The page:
United States District Court, E.D. Oklahoma
SUSAN A. EVANS, Plaintiff,
NANCY A. BERRYHILL, Acting Commissioner of the Social Security Administration,  Defendant.
OPINION AND ORDER AWARDING ATTORNEYS' FEES TO THE
PLAINTIFF UNDER THE EAJA
P. Shreder United States Magistrate Judge.
Plaintiff was the prevailing party in this appeal of the
Commissioner of the Social Security Administration's
decision denying benefits under the Social Security Act. He
seeks attorneys' fees in the amount of $7, 562.00, under
the Equal Access to Justice Act (the “EAJA”), 28
U.S.C. § 2412. See Plaintiff's Application
for an Award of Attorneys' Fees Under the Equal Access to
Justice Act 8 U.S.C. § 2412 [Docket No. 21]. The
Commissioner objects to the award of fees and urges the Court
to deny the request. For the reasons set forth below, the
Court concludes that the Plaintiff should be awarded the
requested fees under the EAJA as the prevailing party herein.
appeal, the Plaintiff's argued that the ALJ erred in
assessing her RFC, particularly with regard to limitations
with regard to maintaining concentration, persistence, and
pace, and also erred in evaluating the opinion of a treating
physician. This Court agreed that the ALJ did err in
evaluating the opinion evidence in the record, and reversed
with the instructions for the ALJ to properly consider the
medical and other source evidence. See Docket No.
19. The Commissioner's opposition to the present fee
request is based on the assertion that her position with
regard to the ALJ's analysis was substantially justified
because “a reasonable person” could find the
ALJ's analysis sufficient. See 28 U.S.C. §
2412(d)(1)(A) (“[A] court shall award to a prevailing
party . . . fees and other expenses . . . unless the court
finds that the position of the United States was
substantially justified or that special circumstances make an
award unjust.”). The Court disagrees. In order to
establish substantial justification, the Commissioner must
show that there was a reasonable basis for the position she
took not only on appeal but also in the administrative
proceedings below. See, e. g., Gutierrez v.
Sullivan, 953 F.2d 579, 585 (10th Cir. 1992) (“We
consider the reasonableness of the position the Secretary
took both in the administrative proceedings and in the civil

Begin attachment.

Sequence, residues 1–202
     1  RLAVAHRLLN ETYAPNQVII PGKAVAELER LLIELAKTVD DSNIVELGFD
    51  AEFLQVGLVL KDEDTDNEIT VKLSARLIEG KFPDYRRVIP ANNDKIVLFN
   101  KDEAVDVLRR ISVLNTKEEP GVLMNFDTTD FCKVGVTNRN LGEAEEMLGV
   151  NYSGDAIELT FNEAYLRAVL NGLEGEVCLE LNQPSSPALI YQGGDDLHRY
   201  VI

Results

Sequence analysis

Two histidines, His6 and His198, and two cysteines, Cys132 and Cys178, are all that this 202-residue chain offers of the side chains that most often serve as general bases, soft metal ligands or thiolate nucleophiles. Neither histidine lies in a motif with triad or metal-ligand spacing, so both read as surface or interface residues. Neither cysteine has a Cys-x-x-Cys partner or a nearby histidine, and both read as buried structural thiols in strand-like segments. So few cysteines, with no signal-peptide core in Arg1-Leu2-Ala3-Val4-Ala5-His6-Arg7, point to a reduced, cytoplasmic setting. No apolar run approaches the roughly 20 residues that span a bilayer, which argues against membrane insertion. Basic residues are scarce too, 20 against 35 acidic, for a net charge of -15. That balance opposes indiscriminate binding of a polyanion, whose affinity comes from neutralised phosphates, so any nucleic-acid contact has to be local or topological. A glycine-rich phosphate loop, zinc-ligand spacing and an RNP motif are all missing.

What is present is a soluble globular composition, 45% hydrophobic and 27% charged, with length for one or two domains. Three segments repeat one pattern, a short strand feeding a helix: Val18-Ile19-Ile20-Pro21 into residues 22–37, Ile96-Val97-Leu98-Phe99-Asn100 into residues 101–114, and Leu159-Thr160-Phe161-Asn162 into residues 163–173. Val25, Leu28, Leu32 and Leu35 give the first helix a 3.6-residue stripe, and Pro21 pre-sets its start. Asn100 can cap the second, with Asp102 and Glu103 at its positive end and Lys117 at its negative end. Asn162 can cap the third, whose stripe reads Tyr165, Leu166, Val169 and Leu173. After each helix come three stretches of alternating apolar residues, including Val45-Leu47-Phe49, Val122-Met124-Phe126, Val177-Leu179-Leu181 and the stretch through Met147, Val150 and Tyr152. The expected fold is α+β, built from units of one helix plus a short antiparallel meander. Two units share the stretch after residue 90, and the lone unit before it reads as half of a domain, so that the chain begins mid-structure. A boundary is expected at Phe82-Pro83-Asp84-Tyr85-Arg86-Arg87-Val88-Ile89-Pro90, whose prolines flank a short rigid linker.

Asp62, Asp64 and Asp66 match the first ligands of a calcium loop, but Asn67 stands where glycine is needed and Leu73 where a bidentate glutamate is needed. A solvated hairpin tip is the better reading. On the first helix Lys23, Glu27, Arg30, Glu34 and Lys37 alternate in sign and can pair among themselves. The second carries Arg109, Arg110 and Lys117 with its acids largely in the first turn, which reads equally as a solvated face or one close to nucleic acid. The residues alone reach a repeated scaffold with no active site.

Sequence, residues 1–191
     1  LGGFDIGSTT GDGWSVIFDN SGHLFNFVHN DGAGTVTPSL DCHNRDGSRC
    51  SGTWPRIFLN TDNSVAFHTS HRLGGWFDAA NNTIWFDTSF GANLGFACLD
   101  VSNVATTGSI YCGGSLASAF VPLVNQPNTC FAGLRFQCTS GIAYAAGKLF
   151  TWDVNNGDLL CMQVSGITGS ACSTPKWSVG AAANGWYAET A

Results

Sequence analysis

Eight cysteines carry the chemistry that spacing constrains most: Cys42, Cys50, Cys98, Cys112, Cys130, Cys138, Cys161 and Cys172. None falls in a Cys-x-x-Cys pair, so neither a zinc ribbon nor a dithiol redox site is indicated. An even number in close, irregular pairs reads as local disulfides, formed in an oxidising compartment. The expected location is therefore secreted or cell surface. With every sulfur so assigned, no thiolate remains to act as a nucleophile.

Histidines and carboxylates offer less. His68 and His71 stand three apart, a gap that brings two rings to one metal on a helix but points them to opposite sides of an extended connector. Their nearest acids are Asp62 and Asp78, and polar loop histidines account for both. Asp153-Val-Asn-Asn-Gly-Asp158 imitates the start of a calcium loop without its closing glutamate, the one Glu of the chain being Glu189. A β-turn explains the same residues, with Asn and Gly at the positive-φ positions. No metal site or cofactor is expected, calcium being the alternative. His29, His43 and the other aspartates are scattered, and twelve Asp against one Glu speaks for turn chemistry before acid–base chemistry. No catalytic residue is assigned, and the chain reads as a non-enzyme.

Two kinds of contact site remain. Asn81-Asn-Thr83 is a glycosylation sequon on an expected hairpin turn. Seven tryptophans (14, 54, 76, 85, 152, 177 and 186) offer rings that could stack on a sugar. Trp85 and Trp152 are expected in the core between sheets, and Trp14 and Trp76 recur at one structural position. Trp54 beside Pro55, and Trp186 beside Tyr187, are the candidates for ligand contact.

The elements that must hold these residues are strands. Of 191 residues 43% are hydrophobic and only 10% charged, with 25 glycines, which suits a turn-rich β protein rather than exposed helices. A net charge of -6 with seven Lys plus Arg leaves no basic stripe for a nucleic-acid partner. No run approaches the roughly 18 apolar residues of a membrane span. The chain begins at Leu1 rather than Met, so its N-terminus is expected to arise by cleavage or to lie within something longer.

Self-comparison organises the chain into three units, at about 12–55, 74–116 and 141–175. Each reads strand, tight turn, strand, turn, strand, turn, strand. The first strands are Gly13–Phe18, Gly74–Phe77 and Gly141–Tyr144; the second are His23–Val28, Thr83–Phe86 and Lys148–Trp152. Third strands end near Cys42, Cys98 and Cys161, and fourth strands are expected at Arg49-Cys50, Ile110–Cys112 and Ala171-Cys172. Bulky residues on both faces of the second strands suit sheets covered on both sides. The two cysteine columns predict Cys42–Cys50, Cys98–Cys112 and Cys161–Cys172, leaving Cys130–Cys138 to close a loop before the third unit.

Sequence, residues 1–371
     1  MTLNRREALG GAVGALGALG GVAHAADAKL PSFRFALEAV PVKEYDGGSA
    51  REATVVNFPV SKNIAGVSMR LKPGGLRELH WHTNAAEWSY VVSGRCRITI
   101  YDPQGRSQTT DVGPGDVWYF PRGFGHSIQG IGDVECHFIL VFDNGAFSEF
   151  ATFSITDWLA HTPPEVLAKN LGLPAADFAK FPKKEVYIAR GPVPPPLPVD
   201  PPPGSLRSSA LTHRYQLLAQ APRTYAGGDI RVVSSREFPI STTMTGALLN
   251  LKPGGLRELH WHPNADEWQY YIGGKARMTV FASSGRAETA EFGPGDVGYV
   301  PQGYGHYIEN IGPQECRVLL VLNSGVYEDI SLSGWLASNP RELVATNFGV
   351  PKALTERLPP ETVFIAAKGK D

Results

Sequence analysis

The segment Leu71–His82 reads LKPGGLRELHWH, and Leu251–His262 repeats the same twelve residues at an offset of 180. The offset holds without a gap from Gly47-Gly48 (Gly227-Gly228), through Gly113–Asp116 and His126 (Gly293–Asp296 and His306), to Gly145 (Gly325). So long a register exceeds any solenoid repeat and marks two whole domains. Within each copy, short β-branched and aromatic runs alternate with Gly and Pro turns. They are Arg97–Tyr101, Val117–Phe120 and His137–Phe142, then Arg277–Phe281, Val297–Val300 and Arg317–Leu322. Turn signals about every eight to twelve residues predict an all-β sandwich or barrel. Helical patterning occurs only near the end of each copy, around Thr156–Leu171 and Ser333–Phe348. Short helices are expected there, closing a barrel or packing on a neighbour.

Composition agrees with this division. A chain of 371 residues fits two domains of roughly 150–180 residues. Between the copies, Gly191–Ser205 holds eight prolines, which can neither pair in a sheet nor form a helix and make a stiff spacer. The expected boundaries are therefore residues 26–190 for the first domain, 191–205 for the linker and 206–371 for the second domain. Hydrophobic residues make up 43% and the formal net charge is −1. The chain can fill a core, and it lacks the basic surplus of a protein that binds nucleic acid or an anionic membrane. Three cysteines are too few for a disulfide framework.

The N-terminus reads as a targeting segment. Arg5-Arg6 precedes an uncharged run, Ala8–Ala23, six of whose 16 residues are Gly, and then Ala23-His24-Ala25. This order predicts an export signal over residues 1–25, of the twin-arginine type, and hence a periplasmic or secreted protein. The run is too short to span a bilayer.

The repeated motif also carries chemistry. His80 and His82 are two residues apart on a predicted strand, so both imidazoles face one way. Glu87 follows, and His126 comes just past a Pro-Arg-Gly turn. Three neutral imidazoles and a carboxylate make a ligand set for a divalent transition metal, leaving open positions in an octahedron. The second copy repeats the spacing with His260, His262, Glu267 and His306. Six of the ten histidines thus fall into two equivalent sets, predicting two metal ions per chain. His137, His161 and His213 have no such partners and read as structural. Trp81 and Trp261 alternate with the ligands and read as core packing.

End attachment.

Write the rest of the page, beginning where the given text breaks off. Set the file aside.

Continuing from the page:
action Plaintiff commenced to obtain benefits.”),
citing Fulton v. Heckler, 784 F.2d 348, 349 (10th
Cir. 1986). See also Marquez v. Colvin, 2014 WL
2050754, at *2 (D. Colo. May 16, 2014) (“For purposes
of this litigation, the Commissioner's position is both
the position it took in the underlying administrative
proceeding and in subsequent litigation defending that
position.”). The Commissioner attempts to re-litigate
the arguments previously raised, asserting that the ALJ's
findings were not unreasonable. But this Court has already
ruled that the ALJ's findings were reversible error and
that he did not provide the requisite analysis. Inasmuch as
it was the ALJ's obligation to provide such a proper
analysis, see, e. g., Clifton v. Chater, 79
F.3d 1007, 1009 (10th Cir. 1996) (“In the absence of
ALJ findings supported by specific weighing of the evidence,
we cannot assess whether relevant evidence adequately
supports the ALJ's conclusion[.]”). See also
Drapeau v. Massanari, 255 F.3d 1211, 1214 (10th Cir.
2001) (“Although we review the ALJ's decision for
substantial evidence, ‘we are not in a position to draw
factual conclusions on behalf of the ALJ.'”),
quoting Prince v. Sullivan, 933 F.2d 598, 603 (7th
Cir. 1991), it is difficult to see how anything said on
appeal could justify the ALJ's failure to do so in light
of this Court's findings with regard to the ALJ's
assessment regarding the analysis of the treating physician
and consultative examiner. See Hackett v. Barnhart,
475 F.3d 1166, 1174 (10th Cir. 2007) (“[W]e hold that
EAJA ‘fees generally should be awarded where the
government's underlying action was unreasonable even if
the government advanced a reasonable litigation
position.'”), quoting United States v.
Marolf, 277 F.3d 1156, 1159 (9th Cir. 2002).
Court therefore concludes that the Plaintiff should be
awarded attorneys' fees and costs as the prevailing party
under the EAJA. See, e. g., Gibson-Jones v. Apfel,
995 F.Supp. 825, 826-27 n.3 (N.D. Ill. 1998) (holding that
the Commissioner's position was not substantially
justified where the ALJ provided an inadequate basis for
denying benefits and adding: “It would be unfair to
require Ms. Gibson-Jones to appeal her denial of benefits and
then not award her attorney's fees because the ALJ is
given a second chance to support his position.”).
IT IS ORDERED that the Plaintiff's Application for an
Award of Attorneys' Fees Under the Equal Access to
Justice Act 8 U.S.C. § 2412 [Docket No. 21] is hereby
GRANTED and that the Government is hereby ordered to pay
total attorney's fees in the amount of $7, 562.00 to the
Plaintiff as the Prevailing party herein. IT IS FURTHER
ORDERED that if the Plaintiffs attorney is subsequently
awarded any fees pursuant to 42 U.S.C. § 406(b)(1), said
attorney shall refund the smaller amount of such fees to the
Plaintiff pursuant to Weakley v. Bowen, 803 F.2d
575, 580 (10th Cir. 1986).
 On January 23, 2017, Nancy A.
Berryhill became the Acting Commissioner of Social Security.
In accordance with Fed.R.Civ.P. 25(d), Ms. Berryhill is
substituted for Carolyn Colvin ...